And, on this occasion, Martin Coy has got it horribly, horribly wrong.
The referee from Durham found himself in a tricky situation as he stood on a deteriorating Gresty Road surface 70 minutes before kick-off on Saturday.
Crewe’s pitch had visibly worsened in the preceding hour as the Cheshire rain teemed down.
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The focus lay on the strip of pitch in front of The Main Stand, which was holding surface water and widening by the minute.
At 1.30pm the game was on, with the caveat there was concern from the ref about what could happen if the weather didn’t relent.
Some unofficial checks on how the ball rolled at this stage, however, offered clear evidence the match was playable.
Twenty minutes later Coy's clear view was that was no longer the case.
It was a viewpoint forcibly disputed by Crewe boss David Artell as he angrily demonstrated.
What was perpetuating Artell’s ire was the official was not taking on board the view of himself and those Crewe staff who knew the pitch best.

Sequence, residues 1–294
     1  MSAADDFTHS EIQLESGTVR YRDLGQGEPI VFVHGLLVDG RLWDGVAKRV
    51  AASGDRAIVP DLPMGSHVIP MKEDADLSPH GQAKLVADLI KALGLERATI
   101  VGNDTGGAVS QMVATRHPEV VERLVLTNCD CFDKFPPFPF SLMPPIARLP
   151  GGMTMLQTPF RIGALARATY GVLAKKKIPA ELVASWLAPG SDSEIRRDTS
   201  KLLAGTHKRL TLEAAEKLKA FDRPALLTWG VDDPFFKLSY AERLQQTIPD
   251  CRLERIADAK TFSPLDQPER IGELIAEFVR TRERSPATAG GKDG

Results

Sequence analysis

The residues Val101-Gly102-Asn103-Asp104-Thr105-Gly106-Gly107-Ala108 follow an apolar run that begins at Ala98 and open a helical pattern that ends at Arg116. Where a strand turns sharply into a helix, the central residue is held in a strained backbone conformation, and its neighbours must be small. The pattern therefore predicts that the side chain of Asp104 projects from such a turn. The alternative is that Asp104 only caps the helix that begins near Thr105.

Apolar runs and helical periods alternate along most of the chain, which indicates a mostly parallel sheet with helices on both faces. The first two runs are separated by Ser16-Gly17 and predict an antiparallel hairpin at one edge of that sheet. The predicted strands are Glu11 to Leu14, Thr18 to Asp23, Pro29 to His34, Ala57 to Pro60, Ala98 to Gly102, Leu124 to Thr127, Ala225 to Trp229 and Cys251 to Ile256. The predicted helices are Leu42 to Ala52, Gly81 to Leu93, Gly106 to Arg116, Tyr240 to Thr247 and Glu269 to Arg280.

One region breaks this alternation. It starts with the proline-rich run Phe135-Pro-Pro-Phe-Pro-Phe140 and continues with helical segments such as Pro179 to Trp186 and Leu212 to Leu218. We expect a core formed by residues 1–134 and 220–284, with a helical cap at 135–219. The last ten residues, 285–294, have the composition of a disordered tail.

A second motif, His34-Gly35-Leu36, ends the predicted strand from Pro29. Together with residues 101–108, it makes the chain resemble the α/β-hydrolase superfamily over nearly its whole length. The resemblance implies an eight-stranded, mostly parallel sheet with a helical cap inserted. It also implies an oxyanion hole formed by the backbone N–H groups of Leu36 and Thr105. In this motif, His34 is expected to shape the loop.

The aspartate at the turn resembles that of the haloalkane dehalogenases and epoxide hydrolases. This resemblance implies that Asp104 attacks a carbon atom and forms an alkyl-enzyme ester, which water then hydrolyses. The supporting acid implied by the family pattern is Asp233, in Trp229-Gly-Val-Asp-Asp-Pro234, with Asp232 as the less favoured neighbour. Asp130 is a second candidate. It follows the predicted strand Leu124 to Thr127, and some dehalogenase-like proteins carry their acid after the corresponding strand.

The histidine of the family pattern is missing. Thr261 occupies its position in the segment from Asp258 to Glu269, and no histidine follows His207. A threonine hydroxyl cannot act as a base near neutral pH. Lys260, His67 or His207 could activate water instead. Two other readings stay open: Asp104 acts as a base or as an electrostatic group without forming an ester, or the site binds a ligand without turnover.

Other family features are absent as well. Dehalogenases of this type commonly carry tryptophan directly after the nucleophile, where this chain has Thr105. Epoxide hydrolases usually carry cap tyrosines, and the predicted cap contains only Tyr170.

The ref found himself in an invidious position, no doubt, one where he had to make a judgment based on ensuring the safety of those he was due to oversee.
Then there was the pressure of knowing 1,500 supporters had made the trip north at great expense, Crewe didn’t want the financial hit of the game not going ahead and both dressing rooms wanted to play.
Coy’s big mistake was in making a very demonstrable and visible decision the game wasn’t going ahead there and then.
Because within an hour there wouldn’t have been a person at Gresty Road who wouldn’t have agreed with Artell.
By this time, however, fans were on their way back down the M6 and on trains south, with police and stewards told to stand down.
A decision from Coy to reconvene even 30 minutes later would have likely delivered a different decision, as the skies cleared and the water drained as the Railwaymen ground staff confidently stated it would.
They say all good referees give themselves the time to come to a definitive verdict on the big calls. Mr Coy let himself down by not doing just that.
A message from the Editor, Mark Waldron